In March 2009, the ex-husband filed a motion with the Family Part seeking relief in aid of litigants rights. Among other things, the ex-husband sought credits against his alimony obligations for the Florida real estate taxes, the unreimbursed New Jersey closing costs, and other sums that were allegedly the responsibility of his former spouse. The ex-husband also sought counsel fees.

The ex-wife filed a detailed certification contesting the ex-husband's motion. She disputed several of his factual assertions, including assertions that he had made certain alimony payments and that he was due certain credits. The ex-wife also filed a cross-motion in aid of litigants rights, demanding seventeen enumerated items of relief. Among other things, the ex-wife sought immediate payment of $25,000 in alimony arrears; $85,841.57 in equitable distribution due, plus interest; denial of credits on the New Jersey property sale; a self-executing warrant for the ex-husband's arrest; and counsel fees.

Both the ex-husband and the ex-wife specifically requested oral argument on their competing motions. Nevertheless, the Family Part did not conduct oral argument, and instead decided the motions on the basis of the written submissions.

The court issued the two aforesaid orders dated August 4, 2009, along with a two-page written statement of reasons. The court granted the ex-husband an agreed-upon $7888.81 credit*fn1 for alimony he paid and another credit of $444.52. The court also declared the ex-wife in violation of litigants rights as to the non-payment of real estate taxes on the Florida property, and directed her to bring the 2008 and the first quarter 2009 real estate taxes current. The court denied the ex-husband counsel fees and the other relief he had requested. As for the exwife's cross-motion, the court ordered the ex-husband to pay her $25,000 in alimony arrears and $85,841.57 in unpaid equitable distribution, plus interest. The court also declared that the ex-husband was not entitled to a $10,872.63 credit for costs associated with the New Jersey closing, and directed him to pay the balance he owed to the ex-wife from that sale. The court denied other relief to the ex-wife, including her own demand for counsel fees.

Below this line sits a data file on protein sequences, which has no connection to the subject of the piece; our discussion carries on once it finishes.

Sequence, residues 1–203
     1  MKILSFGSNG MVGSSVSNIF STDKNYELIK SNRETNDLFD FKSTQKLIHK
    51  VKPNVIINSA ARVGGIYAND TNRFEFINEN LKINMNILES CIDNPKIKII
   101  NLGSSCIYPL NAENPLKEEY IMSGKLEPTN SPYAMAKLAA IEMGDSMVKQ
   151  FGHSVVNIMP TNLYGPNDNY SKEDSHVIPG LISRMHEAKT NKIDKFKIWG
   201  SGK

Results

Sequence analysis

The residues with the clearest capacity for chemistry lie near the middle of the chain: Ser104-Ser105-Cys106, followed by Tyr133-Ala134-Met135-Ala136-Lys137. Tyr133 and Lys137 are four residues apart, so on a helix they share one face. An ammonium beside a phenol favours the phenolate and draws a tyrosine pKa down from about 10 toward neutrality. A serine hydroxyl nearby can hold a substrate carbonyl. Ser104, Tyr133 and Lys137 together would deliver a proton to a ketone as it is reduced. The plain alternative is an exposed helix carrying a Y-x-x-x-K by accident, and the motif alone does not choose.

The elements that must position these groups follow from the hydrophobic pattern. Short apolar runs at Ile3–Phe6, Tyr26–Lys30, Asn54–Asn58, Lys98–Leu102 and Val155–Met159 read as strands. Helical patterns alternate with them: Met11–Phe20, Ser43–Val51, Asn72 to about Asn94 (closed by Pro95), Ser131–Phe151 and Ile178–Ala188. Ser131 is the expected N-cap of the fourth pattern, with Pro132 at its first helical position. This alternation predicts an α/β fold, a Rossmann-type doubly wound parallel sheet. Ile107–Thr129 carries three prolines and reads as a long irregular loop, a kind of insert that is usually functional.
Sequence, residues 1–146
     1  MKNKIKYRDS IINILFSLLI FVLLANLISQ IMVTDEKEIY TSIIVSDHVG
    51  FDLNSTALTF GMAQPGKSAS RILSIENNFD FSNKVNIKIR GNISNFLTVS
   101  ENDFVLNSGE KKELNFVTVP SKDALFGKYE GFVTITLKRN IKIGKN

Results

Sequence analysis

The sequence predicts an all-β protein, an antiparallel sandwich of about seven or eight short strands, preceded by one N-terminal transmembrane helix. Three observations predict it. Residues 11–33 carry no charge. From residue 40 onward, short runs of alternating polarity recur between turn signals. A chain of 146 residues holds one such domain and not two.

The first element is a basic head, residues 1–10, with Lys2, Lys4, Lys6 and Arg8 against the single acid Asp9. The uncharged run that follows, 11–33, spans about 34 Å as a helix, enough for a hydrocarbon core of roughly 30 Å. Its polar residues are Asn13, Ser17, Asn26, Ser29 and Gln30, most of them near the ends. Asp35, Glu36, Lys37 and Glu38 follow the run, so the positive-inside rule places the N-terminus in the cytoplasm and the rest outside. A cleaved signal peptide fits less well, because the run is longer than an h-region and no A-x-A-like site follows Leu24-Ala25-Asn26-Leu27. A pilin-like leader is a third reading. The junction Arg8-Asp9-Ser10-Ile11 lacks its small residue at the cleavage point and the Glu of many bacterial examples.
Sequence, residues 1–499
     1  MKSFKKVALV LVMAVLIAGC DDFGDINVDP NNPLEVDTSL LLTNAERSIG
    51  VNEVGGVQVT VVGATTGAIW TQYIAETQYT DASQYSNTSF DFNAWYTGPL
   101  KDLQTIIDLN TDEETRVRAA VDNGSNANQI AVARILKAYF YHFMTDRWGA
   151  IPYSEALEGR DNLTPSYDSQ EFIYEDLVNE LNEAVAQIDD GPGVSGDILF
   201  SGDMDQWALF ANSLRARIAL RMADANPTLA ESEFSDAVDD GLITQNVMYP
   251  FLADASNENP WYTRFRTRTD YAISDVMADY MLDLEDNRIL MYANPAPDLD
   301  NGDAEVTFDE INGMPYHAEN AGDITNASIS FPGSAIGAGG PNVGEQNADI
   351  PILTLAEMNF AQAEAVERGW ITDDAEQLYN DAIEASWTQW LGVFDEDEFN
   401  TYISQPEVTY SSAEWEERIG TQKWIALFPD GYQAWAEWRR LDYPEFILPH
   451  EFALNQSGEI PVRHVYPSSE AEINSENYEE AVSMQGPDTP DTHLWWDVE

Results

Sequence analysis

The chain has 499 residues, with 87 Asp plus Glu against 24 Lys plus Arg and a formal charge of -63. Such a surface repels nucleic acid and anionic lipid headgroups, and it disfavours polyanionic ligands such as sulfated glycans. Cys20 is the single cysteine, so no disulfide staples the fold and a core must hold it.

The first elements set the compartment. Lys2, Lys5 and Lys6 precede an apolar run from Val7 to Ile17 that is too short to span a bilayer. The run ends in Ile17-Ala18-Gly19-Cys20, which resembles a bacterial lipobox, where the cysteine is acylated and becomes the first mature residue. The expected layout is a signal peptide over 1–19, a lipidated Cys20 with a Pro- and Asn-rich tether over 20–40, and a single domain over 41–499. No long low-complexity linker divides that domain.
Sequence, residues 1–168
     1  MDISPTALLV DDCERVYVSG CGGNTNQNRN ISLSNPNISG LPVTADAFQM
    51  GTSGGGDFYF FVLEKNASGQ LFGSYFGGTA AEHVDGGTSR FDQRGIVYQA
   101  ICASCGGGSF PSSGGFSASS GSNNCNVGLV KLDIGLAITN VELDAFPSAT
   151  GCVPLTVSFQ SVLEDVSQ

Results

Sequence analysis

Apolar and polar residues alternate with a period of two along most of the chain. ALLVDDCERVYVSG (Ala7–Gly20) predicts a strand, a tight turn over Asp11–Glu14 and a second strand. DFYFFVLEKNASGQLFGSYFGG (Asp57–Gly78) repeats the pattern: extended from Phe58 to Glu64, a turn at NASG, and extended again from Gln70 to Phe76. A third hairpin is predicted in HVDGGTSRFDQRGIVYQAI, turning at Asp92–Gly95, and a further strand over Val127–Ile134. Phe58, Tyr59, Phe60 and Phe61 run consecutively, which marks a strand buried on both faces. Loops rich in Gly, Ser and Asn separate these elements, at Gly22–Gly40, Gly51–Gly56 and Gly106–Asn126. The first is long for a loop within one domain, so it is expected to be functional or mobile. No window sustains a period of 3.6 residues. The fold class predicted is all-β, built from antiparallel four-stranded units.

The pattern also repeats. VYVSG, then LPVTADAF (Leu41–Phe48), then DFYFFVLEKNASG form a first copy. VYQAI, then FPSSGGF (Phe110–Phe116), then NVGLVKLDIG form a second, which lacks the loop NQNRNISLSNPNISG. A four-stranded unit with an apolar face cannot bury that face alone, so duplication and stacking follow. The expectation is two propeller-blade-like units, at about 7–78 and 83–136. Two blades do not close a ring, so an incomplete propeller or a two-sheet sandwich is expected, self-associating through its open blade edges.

In his appeal, the ex-husband argues that the Family Part erred in deciding the motions without oral argument and without a plenary hearing to resolve the factual disputes raised by the parties' conflicting certifications. He also asserts that the court improperly denied him a credit against alimony for the unreimbursed New Jersey real estate transfer tax, and for other expenses he paid in connection with the New Jersey sale. As to the Florida property, the ex-husband argues that the trial court should have allowed him to offset his alimony obligations by the sums he has paid, either directly or through the increased mortgage, for the Florida realty taxes.

The ex-wife cross-appeals. She argues that the trial court erred in declaring her in violation of litigants rights because of her failures to pay the Florida realty taxes and other obligations. She asserts that such failures were directly attributable to, and excused by, the ex-husband's own failure to timely pay her what he owed in alimony and equitable distribution installments. She further argues that the trial court should have held the ex-husband in violation of litigants rights because of his allegedly "blatant refusal" to comply with the PSA. The ex-wife further maintains that the trial court should have awarded her sanctions and counsel fees.

Having considered, in light of the applicable law, the parties' competing arguments and the various documents in the record, we are satisfied that this matter must be remanded to the trial court for oral argument and for a plenary hearing on the disputed factual issues.